Lorin gulped down his fear and peered down in horror at his blood-soaked leg. He felt sticky with sweat all of a sudden, and his heart began pounding in his head. Lorin stumbled forward a few steps, desperate to get out of the alley. Every terrifying scenario of what could have happened there flashed through his mind as he struggled to scramble out of the alley. He turned the corner, and his feet skidded to a halt when he saw the two men before him. Lorin didn’t stay out in the open for a closer look. His fear got the better of him and he silently slipped into a crate that had been discarded into the alley.
A middle-aged man cowered in a corner, begging to be left alone. He was poorly dressed, and it didn’t look like he had gotten any new clothes in the past year at the least. The other man towered over him, so tall that Lorin could only see him from the waist down from where he hid. What Lorin did see were a pair of shiny leather boots on the tall man’s feet that seemed to repel the grime in the alley. His harsh and authoritative voice echoed back to Lorin, the shouts jarred him and he instinctively covered his ears to ease his discomfort as the man kept yelling about taxes.
Lorin kept perfectly quiet and still as the tall man kept yelling, and the other pleaded on his knees. Lorin began to cramp as the argument dragged on, but he didn’t dare move. He was starting to get restless, and he sensed that the tall man was too. Lorin held his breath as the tall man slowly reached down to grasp a rock from the floor of the alley. The man on the ground backed up, and in finding his back against the wall, began to weep and cry out desperately for help. Lorin tried to look away, but he couldn’t tear his eyes away from the poor man against the wall, as he raised his hand above his head in an attempt to ward off the rock that the taller man held.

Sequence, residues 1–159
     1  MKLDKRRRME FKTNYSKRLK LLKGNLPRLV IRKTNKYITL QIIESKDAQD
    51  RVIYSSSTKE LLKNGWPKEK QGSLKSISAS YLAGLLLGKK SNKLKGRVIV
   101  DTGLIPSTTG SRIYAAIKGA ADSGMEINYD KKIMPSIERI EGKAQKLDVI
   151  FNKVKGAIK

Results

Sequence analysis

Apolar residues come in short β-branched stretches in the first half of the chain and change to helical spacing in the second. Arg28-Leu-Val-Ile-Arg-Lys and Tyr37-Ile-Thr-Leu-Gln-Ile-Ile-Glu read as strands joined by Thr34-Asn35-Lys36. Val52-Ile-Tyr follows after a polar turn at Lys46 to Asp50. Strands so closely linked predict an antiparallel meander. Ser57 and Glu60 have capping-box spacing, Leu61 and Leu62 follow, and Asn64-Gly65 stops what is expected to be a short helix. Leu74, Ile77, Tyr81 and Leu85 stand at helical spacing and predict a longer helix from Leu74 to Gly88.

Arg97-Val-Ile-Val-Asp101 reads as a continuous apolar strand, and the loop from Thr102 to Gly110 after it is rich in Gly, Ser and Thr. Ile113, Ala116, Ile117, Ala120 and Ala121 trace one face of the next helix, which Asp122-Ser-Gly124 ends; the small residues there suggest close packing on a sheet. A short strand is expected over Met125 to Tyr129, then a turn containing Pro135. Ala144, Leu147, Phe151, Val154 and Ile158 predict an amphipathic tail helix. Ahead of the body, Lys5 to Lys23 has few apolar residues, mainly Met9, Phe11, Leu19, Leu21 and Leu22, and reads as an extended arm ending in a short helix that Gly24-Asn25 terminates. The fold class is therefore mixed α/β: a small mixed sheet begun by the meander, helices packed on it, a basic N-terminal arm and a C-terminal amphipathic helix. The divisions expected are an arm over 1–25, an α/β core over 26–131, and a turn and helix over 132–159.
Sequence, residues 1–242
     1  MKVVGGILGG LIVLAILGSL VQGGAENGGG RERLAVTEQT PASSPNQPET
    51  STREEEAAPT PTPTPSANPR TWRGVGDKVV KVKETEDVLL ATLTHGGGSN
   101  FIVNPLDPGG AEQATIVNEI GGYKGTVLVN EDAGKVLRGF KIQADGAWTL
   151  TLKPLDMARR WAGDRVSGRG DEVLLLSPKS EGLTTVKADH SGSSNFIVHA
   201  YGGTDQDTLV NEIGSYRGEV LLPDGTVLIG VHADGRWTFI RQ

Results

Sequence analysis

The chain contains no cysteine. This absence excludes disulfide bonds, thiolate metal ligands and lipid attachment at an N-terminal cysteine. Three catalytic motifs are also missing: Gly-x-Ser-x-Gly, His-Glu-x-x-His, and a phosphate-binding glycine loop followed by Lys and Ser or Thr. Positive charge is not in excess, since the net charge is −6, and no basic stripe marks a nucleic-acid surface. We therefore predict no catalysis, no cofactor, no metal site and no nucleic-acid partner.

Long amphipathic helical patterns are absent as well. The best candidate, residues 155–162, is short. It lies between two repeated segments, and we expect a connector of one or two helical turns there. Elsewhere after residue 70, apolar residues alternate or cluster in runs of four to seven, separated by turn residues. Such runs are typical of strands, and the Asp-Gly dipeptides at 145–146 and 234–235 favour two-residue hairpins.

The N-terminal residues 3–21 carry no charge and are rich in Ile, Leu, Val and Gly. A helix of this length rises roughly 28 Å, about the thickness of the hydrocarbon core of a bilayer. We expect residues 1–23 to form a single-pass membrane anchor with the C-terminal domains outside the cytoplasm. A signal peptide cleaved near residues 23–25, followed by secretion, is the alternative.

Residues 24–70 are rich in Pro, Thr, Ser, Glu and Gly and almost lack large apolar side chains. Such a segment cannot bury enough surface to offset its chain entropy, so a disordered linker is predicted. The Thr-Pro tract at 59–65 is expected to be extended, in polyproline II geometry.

Lorin whimpered in the darkness. He wanted to help, but he was too scared. Too afraid to move. He couldn’t run. He bit his thumb to keep himself from crying out every time he saw the rock come down on the man and his bones shook with every scream that escaped the man. The steady thud of rock against flesh sounded almost as loudly as Lorin’s own heart pounding in his skull. All of a sudden, the man in the corner stopped his screams, and Lorin wiped away the tears from his eyes to see what had happened. The man on the ground wasn’t moving. Lorin watched as the tall man’s hand tossed his palm-sized rock farther into the alley and closer to where Lorin hid. Lorin’s eyes followed the rock as it bounced and tumbled, echoing far into the darkness of the alley until it came to a rest a few feet in front of him.
Lorin saw that the rock wore the same color as his leg. He slowly crawled out of his crate as quietly as he could and strained to get a good look at the man as he walked out of the alley. The tall man stepped into the light and out of sight, and the last thing Lorin saw was the man’s shiny helmet, gleaming like gold in the midday sun.